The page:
UBC Theses and Dissertations
Extreme teams : coping and motive imagery of small, mission-oriented teams in extreme and unusual environments Brcic, Jelena
Humans are motivated to explore, investigate, and learn about the world around them; in the process of doing so, some groups work and live in environments described as extreme and unusual. Using thematic content analysis, the goal of this dissertation was to better understand coping strategies (Folkman & Lazarus, 1980) and motive images (Winter, 1994) expressed in narratives of four highly skilled groups: astronauts, high-altitude mountaineers, search and rescue (SAR) crews, and small military combat units. Taken together, the findings provided insight into the similarities and differences among groups that work in extreme environments. All four teams relied on problem-focused compared to emotion-focused coping strategies. Soldiers were least likely to mention Planful Problem Solving and most likely to mention Supernatural Protection and Confrontation when compared to the other groups; on the other hand, mountaineers were least likely to mention Seeking Social Support and most likely to mention Self-Control. In relation to motive imagery, all four groups were primarily motivated by need for Achievement, followed by need for Affiliation and need for Power. Soldiers had the highest level of all three motives; astronauts and SAR crews do not differ on any of the three. Differences across occupational and environment type, leadership status, gender, and mission phases were examined. The study provided the first empirical evidence, across mission phases, on how high-altitude mountaineers and SAR crews cope with problems and express their motives. Implications of the research, limitations, and possible future directions were discussed.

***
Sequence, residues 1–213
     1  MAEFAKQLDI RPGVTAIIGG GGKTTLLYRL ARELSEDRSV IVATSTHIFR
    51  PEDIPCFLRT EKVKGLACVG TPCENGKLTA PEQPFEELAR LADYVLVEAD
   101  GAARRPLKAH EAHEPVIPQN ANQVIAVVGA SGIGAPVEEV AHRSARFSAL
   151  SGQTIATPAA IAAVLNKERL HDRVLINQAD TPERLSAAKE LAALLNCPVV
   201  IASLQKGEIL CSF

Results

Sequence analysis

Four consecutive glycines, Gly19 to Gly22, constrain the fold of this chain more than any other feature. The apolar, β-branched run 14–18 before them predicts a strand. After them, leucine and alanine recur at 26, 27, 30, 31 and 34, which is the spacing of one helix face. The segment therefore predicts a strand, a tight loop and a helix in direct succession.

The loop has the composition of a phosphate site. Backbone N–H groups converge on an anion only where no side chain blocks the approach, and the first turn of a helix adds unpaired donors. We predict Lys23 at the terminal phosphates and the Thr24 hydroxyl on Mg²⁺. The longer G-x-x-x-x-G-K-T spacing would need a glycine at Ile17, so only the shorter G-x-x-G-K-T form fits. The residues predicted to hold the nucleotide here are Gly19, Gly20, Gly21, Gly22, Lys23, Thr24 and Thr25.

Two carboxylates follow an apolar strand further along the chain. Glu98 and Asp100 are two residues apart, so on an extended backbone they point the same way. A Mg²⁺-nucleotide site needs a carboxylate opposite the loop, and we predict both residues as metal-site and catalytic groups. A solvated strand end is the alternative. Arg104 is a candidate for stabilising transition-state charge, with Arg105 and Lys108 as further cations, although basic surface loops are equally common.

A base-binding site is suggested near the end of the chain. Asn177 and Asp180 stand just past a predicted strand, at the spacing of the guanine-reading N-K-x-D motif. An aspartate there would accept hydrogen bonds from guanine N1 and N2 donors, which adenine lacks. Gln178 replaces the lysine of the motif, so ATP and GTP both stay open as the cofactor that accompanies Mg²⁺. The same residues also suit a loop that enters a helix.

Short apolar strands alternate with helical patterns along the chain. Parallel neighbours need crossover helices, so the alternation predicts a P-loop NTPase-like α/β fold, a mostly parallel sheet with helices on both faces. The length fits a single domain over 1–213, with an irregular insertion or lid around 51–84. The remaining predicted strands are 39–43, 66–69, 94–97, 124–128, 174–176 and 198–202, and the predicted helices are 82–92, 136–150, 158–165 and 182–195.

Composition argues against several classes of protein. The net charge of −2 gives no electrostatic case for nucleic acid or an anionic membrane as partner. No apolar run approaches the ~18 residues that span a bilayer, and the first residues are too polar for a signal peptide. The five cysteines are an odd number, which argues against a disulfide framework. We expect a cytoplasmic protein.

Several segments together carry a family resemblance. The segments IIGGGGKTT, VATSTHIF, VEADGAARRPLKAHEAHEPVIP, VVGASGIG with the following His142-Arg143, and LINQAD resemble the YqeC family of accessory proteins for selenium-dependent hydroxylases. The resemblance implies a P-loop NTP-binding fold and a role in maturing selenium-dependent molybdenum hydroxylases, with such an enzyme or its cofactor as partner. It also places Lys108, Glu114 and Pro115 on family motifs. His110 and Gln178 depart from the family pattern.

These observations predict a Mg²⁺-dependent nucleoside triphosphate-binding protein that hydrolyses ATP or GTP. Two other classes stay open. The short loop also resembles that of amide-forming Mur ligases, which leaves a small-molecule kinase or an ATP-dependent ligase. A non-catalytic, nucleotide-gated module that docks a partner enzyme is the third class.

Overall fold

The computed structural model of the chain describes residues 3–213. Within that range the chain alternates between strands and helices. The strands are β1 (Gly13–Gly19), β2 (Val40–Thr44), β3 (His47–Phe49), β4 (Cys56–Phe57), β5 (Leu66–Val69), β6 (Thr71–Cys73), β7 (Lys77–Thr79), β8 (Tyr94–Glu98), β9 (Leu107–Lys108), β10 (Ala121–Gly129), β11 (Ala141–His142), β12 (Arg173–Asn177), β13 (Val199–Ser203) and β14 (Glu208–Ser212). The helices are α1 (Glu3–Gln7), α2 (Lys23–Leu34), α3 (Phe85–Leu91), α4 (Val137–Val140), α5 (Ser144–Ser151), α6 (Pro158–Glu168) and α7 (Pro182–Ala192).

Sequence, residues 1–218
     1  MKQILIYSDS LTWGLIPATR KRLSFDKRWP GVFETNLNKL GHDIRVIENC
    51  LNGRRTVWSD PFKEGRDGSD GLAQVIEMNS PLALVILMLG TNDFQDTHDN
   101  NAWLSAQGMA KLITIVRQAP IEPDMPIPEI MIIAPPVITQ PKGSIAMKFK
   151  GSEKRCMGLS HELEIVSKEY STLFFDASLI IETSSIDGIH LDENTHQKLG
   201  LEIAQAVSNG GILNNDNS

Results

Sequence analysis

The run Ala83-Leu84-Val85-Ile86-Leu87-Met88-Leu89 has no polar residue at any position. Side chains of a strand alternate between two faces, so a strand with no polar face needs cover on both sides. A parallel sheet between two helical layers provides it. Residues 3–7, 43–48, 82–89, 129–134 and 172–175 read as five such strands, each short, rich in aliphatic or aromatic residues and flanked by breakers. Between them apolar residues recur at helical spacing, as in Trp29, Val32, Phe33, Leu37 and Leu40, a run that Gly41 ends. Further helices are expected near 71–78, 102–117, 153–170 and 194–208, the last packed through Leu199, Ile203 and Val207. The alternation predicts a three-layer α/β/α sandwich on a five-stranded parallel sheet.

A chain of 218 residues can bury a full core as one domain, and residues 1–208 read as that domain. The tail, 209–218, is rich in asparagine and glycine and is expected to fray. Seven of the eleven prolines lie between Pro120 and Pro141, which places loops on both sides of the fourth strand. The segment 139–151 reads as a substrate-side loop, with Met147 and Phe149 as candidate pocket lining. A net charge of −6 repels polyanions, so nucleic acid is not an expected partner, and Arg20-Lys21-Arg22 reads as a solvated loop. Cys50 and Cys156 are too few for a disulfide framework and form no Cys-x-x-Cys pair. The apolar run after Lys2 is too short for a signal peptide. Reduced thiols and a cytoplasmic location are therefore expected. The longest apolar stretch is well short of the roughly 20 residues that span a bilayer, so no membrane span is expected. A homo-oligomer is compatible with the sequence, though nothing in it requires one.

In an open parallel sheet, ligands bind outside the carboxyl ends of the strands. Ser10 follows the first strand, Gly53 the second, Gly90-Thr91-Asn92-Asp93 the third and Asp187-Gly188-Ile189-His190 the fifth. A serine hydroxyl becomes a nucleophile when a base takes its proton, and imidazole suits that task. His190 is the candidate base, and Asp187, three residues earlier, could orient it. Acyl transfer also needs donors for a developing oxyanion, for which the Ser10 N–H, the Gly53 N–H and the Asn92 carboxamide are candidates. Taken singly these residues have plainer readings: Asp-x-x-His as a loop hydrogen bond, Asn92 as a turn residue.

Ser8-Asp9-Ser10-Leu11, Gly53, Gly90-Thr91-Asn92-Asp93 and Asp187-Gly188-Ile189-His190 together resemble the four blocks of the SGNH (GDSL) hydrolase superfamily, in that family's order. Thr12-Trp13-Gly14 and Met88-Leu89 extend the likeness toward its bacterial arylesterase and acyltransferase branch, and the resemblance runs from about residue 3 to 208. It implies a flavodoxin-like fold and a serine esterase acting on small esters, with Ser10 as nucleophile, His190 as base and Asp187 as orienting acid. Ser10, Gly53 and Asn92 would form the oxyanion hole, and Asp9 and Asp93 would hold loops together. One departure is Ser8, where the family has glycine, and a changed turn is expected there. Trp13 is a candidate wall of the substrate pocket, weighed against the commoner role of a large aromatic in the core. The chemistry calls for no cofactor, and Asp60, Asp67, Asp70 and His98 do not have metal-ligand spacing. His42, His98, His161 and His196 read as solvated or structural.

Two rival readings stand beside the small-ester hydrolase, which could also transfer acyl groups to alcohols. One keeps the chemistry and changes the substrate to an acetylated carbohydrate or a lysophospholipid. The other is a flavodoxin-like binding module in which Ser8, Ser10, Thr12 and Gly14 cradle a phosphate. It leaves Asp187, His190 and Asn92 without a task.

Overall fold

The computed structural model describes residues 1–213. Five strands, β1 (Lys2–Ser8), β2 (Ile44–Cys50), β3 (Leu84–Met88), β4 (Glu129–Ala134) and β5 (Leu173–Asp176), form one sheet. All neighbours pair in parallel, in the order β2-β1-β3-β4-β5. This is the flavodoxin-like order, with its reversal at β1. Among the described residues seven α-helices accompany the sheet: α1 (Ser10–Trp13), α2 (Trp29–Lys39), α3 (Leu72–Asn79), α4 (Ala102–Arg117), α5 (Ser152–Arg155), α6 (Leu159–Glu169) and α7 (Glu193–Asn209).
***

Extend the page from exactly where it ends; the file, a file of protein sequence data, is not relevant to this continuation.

Item Citations and Data
CC0 1.0 Universal